Basics Of Deep Learning
TL;DR: Have you even wondered what is so special about convolution? In this post, I derive the convolution from first principles and show that it naturally emerges from translational symmetry.
La connoissance de certains principes supplée facilement à la connoissance de certains faits. (Claude Adrien Helvétius)
During my undergraduate studies, which I did in Electrical Engineering at the Technion in Israel, I was always appalled that such an important concept as convolution  just landed out of nowhere. This seemingly arbitrary definition disturbed the otherwise beautiful picture of the signal processing world like a grain of sand in one’s eye. How nice would it be to have the convolution emerge from first principles rather than have it postulated! As I will show in this post, such first principles are the notion of translational invariance or symmetry.
Let me start with the formula taught in basic signal processing courses defining the discrete convolution  of two n-dimensional vectors x and w:
Here, for convenience, I assume that all the indices run from zero to n−1 and are modulo n; it is convenient to think of vectors as defined on a circle. Writing the above formula as a matrix-vector multiplication leads to a very special matrix that is called circulant:
A circulant matrix has multi-diagonal structure, with elements on each diagonal having the same value. It can be formed by stacking together shifted (modulo n) versions of a vector w ; for this reason, I use the notation C(w) referring to a circulant matrix formed by the vector w. Since any convolution x∗wcan beequivalently represented as a multiplication by the circulant matrix C(w)x, I will use the two terms interchangeably.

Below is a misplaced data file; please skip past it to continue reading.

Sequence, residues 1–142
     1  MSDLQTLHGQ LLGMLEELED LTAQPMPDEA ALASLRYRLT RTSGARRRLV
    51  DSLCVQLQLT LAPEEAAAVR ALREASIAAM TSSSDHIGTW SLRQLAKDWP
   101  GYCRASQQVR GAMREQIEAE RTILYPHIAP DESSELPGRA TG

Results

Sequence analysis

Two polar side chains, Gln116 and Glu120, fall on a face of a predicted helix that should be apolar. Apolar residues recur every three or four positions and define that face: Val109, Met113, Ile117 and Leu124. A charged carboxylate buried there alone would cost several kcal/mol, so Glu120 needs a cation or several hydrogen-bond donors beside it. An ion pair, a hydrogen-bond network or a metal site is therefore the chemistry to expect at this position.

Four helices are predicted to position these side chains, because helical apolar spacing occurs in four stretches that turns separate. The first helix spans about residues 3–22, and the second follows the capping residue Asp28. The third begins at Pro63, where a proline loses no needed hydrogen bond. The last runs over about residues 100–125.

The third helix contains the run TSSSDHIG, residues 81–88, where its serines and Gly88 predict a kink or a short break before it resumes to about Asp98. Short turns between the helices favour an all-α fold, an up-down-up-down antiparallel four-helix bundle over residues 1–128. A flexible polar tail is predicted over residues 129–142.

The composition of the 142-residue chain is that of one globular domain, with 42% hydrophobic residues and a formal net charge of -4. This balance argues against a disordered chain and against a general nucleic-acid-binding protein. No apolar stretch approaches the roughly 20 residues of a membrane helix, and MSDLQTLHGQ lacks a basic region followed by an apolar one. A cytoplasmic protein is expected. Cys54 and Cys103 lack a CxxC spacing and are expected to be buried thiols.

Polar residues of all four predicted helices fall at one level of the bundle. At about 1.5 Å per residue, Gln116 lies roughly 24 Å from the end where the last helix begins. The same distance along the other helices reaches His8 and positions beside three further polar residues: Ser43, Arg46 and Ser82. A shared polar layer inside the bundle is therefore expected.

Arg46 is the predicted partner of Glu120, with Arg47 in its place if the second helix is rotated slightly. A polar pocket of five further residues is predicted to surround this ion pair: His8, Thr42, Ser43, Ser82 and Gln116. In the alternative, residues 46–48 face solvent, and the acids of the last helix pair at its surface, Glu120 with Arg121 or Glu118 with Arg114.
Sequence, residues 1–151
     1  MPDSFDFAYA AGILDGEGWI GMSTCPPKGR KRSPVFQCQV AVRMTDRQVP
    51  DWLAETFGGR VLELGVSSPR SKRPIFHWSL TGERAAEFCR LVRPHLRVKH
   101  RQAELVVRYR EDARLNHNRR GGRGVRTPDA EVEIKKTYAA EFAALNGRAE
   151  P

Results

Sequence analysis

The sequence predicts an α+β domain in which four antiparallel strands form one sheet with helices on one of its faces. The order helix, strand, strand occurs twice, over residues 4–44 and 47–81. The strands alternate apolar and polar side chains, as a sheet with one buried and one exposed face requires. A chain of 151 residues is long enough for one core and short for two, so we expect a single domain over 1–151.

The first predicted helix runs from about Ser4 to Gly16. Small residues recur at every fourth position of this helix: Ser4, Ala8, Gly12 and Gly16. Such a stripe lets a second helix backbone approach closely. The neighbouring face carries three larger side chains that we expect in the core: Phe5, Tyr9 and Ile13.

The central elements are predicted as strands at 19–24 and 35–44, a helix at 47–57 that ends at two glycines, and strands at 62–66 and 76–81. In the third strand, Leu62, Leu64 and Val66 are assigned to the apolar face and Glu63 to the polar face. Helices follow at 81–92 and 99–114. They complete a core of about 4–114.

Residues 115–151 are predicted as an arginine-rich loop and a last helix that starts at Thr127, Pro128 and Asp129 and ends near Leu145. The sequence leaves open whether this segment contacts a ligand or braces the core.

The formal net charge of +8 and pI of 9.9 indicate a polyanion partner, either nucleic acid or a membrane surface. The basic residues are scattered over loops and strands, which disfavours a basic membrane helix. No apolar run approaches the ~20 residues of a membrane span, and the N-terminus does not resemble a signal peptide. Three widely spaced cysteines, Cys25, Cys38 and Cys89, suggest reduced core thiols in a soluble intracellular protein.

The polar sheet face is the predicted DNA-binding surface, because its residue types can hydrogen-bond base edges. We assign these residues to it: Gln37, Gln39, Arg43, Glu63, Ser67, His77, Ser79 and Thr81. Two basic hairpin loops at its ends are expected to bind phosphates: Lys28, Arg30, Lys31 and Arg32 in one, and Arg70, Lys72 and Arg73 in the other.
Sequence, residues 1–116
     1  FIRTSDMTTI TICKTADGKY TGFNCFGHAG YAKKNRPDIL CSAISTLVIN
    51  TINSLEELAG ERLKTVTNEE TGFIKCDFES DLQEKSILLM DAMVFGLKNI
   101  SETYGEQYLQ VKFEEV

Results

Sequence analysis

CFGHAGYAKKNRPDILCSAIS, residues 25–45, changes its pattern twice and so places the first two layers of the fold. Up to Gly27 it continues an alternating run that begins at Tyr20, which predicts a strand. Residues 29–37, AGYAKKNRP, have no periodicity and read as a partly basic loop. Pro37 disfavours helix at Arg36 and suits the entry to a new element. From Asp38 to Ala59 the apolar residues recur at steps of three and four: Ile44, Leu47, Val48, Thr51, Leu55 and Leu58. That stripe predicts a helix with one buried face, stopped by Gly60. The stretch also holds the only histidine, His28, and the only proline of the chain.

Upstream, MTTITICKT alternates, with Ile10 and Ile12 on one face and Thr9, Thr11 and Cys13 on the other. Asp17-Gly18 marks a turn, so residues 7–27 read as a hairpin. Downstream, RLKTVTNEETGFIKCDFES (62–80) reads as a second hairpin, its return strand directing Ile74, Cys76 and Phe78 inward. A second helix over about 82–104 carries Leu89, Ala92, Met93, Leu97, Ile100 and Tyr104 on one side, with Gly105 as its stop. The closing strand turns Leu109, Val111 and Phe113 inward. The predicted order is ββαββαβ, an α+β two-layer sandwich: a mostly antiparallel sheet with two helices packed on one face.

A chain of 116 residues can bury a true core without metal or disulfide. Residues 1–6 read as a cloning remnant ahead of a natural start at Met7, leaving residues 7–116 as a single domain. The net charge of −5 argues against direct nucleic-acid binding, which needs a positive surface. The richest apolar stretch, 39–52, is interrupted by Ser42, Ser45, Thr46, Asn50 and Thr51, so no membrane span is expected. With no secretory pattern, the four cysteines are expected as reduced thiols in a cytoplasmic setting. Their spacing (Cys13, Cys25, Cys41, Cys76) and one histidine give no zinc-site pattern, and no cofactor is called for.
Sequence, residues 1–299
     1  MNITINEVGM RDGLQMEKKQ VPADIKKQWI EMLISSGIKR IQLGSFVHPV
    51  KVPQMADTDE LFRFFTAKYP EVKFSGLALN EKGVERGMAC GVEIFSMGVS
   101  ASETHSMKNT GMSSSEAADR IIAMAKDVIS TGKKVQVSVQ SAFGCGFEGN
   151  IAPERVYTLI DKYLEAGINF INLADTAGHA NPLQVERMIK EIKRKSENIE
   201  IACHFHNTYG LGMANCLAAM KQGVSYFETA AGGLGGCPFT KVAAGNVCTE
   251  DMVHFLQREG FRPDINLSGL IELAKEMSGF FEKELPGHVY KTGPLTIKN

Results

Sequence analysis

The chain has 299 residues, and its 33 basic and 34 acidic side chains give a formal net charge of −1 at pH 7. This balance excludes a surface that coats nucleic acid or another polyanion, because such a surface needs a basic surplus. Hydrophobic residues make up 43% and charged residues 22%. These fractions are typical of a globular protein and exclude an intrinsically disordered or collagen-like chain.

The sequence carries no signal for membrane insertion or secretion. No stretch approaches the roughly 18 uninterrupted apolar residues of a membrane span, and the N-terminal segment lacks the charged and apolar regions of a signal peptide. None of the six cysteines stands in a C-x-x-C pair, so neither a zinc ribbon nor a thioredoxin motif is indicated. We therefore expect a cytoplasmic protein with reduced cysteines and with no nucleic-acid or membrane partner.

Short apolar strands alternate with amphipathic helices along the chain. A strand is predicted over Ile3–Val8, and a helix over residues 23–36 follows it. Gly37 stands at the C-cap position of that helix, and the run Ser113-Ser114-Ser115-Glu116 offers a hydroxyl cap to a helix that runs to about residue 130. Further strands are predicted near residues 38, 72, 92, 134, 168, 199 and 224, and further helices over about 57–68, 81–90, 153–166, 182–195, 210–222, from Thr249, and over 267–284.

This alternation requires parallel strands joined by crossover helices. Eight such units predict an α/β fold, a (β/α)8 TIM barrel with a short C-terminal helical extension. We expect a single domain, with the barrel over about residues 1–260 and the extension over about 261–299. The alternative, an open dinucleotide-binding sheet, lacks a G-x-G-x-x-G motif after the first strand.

One of the first things we are taught in linear algebra is that matrix multiplication is non-commutative, i.e., in general, AB≠BA. However, circulant matrices are very special exception:
Circulant matrices commute,
or in other words, C(w)C(u)=C(u)C(w). This is true for any circulant matrix, or any choice of u and w. Equivalently, we can say that the convolution is a commutative operation, x∗w=w∗x.
A particular choice of w=[0,1,0…,0] yields a special circulant matrix that shifts vectors to the right by one position. This matrix is called the (right) shift operator  and denoted by S. The transpose of the right shift operator is the left shift operator. Obviously, shifting left and then right (or vice versa) does not do anything, which means S is an orthogonal matrix:
Circulant matrices can be characterised by their commutativity property. It appears to be sufficient to show only commutativity with shift (Lemma 3.1 in ):
A matrix is circulant if and only if it commutes with shift.
The first direction of this “if and only if” statement leads to a very important property called translation or shift equivariance : the convolution’s commutativity with shift implies that it does not matter whether we first shift a vector and then convolve it, or first convolve and then shift — the result will be the same.